Note: The origin of this distinctive family has been the subject of such and varied contention. Claims of Dutch, Flemish, Scottish and Welsh have all been suggested. The progenitor, William Iiams, was a native Britisher, as no record exists of his naturalization in Maryland. A descendant after extensive travel and research in Britian has revealed the fact that it is Cornish and the Maryland orthography is a corruption of the ancient I'ans of County Cornwell. The family I'ans was seated in the time of Henry VIII in the Parish of Stratton, Cornwell. Arms were issued to Robert I'ans of Whitstone by Elizabeth, her Master of Or dance and Her Majesty's Privy Council in Ireland. The family Pedigree in the County Record Office of Cornwall, who died in 1816, although he left married daughters who did not carry down the name. Col. I'ans served as His Majesty's Justice of the Peace for Cornwall and Devon.  The 13th century accounts of the Earldom of Cornwall contain such family names as Ian, Ians, Iane, Iannes, etc. The Maryland family always pronounced their name as one syllable. [Ref. Remembered in this Land by Lois Ijams Hartman] 
     William Iiams [or Eyoms] made oath in court in Maryland that he was the son of Sir Robert I'ans, Chief of Ordinance for the Queen, and Quartermaster General. this description sufficiently identifies him as Sir Robert Innes who is listed in the British records as having married Lady Grizel Stewart, daughter of the Earl of Murray. [By Elisha B. Iiams, S.A.R, A.O.P., W.C.H.S., U.O.V.G.A, N.Y.G.B.S Life Member].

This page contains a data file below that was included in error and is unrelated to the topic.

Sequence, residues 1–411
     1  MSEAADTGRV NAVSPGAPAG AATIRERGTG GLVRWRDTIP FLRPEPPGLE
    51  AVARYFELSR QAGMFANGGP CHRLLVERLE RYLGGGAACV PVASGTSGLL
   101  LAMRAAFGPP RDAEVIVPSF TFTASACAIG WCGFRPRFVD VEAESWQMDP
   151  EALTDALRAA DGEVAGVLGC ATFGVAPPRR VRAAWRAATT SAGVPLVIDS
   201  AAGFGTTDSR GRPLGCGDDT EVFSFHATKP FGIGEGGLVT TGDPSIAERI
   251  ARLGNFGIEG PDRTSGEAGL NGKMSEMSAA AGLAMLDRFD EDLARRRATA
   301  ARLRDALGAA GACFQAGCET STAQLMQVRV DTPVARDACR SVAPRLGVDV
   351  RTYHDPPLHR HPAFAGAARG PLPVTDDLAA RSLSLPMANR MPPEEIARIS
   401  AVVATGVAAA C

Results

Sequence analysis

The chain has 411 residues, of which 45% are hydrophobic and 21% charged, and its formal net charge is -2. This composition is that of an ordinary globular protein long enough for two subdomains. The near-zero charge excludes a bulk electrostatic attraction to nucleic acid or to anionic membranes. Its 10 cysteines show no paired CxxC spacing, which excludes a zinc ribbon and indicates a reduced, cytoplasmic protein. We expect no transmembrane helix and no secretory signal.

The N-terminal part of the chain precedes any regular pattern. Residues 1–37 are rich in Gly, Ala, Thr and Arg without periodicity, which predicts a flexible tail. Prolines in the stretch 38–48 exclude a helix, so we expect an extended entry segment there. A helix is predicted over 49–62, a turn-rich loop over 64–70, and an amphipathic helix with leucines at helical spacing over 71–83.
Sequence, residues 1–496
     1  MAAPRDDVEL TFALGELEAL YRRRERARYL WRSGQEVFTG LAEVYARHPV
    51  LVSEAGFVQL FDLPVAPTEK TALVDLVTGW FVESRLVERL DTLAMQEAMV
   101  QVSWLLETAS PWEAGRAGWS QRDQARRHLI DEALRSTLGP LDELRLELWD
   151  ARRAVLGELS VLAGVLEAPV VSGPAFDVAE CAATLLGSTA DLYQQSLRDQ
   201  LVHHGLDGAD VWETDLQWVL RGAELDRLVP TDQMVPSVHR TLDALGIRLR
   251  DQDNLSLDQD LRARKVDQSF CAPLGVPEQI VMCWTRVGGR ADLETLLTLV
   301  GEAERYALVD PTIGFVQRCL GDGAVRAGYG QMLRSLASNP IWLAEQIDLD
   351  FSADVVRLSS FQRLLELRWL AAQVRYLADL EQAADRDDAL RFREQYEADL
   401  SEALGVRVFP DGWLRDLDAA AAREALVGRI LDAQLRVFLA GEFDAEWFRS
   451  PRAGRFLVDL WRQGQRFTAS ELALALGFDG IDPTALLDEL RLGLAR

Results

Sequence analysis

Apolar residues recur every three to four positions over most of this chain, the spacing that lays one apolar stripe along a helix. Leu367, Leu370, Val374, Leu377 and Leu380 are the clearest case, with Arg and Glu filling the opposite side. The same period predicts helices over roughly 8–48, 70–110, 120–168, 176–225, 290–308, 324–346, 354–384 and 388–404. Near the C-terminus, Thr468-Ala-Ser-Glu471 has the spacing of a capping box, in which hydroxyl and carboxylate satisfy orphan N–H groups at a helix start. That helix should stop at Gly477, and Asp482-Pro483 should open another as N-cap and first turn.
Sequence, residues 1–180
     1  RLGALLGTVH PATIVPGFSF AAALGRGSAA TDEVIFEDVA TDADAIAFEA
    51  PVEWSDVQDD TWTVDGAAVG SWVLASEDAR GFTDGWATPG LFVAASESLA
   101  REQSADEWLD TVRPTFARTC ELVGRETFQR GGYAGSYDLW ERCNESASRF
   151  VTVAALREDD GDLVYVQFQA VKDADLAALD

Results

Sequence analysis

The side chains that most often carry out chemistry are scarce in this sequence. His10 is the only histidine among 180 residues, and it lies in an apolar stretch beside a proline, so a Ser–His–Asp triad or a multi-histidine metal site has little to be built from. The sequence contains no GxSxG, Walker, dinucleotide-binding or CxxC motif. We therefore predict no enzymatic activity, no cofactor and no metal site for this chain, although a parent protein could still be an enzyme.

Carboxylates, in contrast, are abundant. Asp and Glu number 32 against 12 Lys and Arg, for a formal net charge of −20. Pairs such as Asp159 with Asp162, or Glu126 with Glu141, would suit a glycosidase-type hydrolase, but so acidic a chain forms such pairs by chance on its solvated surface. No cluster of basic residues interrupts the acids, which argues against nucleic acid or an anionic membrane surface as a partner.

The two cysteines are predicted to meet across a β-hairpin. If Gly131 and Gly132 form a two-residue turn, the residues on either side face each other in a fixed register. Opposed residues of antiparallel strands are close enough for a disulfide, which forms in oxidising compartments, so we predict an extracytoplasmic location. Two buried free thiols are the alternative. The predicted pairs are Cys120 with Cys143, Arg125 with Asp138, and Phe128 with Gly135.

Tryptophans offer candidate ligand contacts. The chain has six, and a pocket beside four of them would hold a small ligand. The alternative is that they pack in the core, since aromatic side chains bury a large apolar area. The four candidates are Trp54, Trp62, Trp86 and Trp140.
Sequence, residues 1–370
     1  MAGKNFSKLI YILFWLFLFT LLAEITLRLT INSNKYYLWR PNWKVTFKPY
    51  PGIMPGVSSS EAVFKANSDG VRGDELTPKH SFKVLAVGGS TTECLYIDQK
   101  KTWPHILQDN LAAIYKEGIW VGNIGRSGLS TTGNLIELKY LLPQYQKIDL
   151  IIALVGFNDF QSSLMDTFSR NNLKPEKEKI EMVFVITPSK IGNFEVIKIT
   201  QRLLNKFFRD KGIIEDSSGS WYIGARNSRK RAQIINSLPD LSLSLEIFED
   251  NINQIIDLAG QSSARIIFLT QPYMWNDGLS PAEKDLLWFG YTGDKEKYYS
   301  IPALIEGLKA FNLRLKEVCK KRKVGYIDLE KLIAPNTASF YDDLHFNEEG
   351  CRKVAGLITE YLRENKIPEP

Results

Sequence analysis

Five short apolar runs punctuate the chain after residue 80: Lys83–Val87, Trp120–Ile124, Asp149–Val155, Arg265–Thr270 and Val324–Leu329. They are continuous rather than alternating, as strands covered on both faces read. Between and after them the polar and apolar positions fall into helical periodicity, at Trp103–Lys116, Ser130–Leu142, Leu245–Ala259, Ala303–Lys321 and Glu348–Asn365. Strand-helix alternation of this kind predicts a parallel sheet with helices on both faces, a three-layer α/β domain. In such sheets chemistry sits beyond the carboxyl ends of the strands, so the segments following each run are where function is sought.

More About William (1) Iiams:
Burial: 29 Jul 1703, All Hallow's Parish, Maryland
Comment 1: From all records, William was from Wales or his family was.
Comment 2: I have seen the marriage date as: March 1, 1673/1674 & depending how the individual input the dates, it could be March 1, 1672/1673.
Ethnicity/Relig.: Member of the Established Church, in good standing in All Hallow's Parish
Event 1: 29 May 1663, Granted "Cheyney Resolution" to William and wife, Elizabeth's father.
Event 2: 16 Feb 1698/99, Date of Will - Anne Arundel Co., Maryland - Probated on November 10, 1703
Event 3: His entry into Maryland is not recorded in the List of Early Maryland Settlers
Event 4: 1665, He was making his home in South River Hundred
Event 5: 1670, His first son was born about 1670 proving the earliest date of marriage as 1669. Occupation: Colonial agent for Lord Baltimore (Source: Genealogy of Demas Garber Iams & Elizabeth Anne Dunn [Sent by Dorothy Iams Sollinger].)
Religion: 1668,...later was a Vestyman for All Hallows Parish 

[1]-[2] Anne Arundel Gentry by Harry Wright Newman, Volume 1, 1933 and 1970
Source: Roberta W. Iiames ~ A huge thank you to Roberta...to all of her years of research
and all that she gave.

1 comment:

Clay B. said...

Thanks for sharing this information. Susanna Ijams is my ancestor.